Cystatins as inhibitors of metastatic disease

Cancer Science & Therapy

ISSN: 1948-5956

Open Access

Cystatins as inhibitors of metastatic disease

2nd World Congress on Cancer Science & Therapy

September 10-12, 2012 Hilton San Antonio Airport, USA

James L. Cox

Scientific Tracks Abstracts: JCST

Abstract :

Atremendous challenge in the treatment and therapy of cancers is due to their propensity to undergo metastasis. Until now there are no effective inhibitors of metastasisin clinical use, excepting perhaps angiogenesis inhibitors. The cystatins are small molecular weight protein inhibitors of cathepsins which have anti-metastatic effects. While certain cathepsins are generally elevated in different tumors, the cystatins are either unchanged or decreased in levels. The cystatins display in general metastasis suppressor actions. Melanoma and a number of other cancers (glioblastoma, breast, prostate and colon) are found to have decreased metastasis when cystatin C is overexpressed in each of the cancer cell types. We noted earlier dramatic inhibition of migration and invasion of melanoma cells overexpressing cystatin. An increase in apoptosis was also noted in a mouse model of metastasis. The cystatins are also known angiogenesis inhibitors which may play a role in reduced metastatic tumor growth. Decreases in melanoma cell signaling and cell migration on collagen are a major current focus. Migration related changes including rhoprotein and calcium regulation are the current approaches we have taken to look at cystatinmechanism of action. The anti-metastatic actions of a natural protein, cystatin, may help unlock future cancer treatment options.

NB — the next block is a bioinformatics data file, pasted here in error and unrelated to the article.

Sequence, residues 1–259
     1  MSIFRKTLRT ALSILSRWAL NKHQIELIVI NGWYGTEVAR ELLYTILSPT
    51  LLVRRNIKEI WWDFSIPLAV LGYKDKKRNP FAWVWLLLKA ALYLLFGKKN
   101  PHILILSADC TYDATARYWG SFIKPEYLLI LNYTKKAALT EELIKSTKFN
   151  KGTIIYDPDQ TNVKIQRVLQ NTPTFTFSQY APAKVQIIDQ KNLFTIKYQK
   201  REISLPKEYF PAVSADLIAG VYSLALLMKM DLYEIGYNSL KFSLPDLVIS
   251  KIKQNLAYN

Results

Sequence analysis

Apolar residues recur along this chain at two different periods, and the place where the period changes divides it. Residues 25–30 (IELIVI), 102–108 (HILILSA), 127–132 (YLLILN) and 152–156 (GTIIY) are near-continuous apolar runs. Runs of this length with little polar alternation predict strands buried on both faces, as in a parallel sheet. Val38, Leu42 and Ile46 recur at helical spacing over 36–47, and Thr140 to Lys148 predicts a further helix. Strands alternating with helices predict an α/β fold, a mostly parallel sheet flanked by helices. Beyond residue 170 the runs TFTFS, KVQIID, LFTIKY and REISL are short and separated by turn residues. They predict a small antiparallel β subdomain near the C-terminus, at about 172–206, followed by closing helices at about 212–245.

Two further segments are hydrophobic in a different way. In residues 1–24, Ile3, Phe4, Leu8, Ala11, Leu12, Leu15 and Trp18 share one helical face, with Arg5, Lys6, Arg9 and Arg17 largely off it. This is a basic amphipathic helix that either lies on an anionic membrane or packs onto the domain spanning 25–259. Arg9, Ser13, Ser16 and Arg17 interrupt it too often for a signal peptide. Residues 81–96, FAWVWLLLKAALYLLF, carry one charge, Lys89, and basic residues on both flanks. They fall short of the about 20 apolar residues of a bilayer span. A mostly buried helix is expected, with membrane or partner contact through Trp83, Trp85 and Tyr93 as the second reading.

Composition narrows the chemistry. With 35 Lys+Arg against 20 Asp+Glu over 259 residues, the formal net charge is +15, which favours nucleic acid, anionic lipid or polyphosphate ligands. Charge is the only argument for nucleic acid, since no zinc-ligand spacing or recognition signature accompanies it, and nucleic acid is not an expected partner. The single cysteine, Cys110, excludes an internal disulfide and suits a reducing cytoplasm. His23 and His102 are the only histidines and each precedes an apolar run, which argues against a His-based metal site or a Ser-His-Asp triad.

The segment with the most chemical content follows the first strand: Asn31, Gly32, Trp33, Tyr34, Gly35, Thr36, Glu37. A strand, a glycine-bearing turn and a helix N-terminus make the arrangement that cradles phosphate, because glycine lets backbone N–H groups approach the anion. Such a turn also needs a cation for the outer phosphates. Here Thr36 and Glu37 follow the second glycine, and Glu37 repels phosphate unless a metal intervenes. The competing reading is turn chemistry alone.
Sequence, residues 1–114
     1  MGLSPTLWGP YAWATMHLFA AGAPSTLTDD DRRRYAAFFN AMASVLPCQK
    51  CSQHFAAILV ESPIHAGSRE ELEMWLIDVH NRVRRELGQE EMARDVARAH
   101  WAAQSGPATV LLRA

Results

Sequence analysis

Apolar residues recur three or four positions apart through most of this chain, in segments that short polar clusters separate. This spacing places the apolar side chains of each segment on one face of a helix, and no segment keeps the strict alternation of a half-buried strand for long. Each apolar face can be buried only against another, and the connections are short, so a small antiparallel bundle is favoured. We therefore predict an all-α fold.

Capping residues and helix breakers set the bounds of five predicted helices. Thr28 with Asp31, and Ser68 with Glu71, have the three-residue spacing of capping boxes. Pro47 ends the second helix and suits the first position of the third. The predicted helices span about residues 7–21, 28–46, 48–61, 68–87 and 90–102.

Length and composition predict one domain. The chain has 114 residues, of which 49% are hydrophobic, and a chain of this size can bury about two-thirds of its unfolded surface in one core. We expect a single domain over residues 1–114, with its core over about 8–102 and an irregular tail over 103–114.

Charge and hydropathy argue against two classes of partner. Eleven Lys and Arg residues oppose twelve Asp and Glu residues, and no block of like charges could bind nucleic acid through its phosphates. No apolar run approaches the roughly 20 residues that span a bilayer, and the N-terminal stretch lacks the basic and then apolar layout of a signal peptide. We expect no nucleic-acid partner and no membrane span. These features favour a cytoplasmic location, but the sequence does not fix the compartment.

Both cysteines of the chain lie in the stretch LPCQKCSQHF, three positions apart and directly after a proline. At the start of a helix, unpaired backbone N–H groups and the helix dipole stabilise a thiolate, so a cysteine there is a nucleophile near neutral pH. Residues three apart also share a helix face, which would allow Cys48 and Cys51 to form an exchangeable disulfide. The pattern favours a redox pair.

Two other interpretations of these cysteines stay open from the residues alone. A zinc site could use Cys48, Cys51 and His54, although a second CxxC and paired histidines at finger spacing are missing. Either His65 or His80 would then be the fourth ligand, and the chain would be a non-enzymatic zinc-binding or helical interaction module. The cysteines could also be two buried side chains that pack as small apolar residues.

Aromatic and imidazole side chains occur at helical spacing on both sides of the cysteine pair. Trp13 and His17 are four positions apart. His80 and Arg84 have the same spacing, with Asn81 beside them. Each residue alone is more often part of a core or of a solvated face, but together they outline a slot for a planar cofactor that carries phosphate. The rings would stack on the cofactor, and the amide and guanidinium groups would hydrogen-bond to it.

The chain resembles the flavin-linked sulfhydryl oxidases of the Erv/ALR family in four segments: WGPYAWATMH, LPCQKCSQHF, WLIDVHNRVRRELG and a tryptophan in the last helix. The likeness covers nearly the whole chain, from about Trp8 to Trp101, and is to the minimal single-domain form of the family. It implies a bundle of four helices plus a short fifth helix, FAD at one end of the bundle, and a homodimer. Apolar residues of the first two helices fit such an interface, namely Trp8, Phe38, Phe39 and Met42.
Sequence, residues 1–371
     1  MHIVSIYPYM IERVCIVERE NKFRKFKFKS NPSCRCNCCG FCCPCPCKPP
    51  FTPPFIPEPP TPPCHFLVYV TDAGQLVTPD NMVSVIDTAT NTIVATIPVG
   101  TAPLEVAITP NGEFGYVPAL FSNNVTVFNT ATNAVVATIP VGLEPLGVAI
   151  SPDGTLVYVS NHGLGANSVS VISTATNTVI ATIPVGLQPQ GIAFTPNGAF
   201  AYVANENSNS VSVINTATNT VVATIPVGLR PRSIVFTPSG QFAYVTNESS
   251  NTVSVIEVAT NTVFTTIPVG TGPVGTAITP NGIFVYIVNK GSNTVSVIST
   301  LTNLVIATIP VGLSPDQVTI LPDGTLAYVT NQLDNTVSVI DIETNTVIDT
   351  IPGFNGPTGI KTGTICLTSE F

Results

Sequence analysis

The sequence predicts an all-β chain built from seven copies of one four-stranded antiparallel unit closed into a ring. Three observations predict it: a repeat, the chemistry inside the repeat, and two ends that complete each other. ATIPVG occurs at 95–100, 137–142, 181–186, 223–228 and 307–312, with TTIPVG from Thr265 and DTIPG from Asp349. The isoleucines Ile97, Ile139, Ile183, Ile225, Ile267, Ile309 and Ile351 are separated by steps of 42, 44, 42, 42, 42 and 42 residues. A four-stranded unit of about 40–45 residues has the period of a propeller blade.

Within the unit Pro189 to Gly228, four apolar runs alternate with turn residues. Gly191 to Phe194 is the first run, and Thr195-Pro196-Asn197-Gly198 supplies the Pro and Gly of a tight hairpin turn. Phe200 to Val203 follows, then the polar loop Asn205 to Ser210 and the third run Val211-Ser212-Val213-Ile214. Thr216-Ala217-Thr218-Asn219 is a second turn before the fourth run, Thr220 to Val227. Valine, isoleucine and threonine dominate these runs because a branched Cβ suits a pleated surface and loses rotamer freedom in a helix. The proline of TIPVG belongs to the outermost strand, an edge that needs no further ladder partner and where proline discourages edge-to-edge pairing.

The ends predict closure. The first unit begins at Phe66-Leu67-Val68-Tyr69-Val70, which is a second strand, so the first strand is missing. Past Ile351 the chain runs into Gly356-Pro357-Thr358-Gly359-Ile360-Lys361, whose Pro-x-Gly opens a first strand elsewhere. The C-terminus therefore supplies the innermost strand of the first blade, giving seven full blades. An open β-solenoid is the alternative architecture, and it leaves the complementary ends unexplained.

Biography :

James Cox obtained his PhD in biochemistry from the University of South Dakota School ofMedicine in 1984. The topic of his doctoral research was DNA repair. From there he did postdoctoral work at Mt. Sinai School of Medicine (NYC). His first position was with Dr. David Calhoun working on E.coli branched chain amino acid gene regulation. The second position was with Dr. Phyllis Shaw and involved the molecular and genetic analysis of cystatin S structure and expression (Cox et al. 1992). He established his own laboratory at AT Still University in Kirksville, Missouri in 1991. At this point he directed his interest in melanoma metastasis and has done much of his work with B16 melanoma cells. He first showed cystatins could block metastasis of melanoma and has directed his studies around this system (Cox et al. 1999, Ervin et al. 2005). He also has broad interests in melanoma and cancer cell biology.

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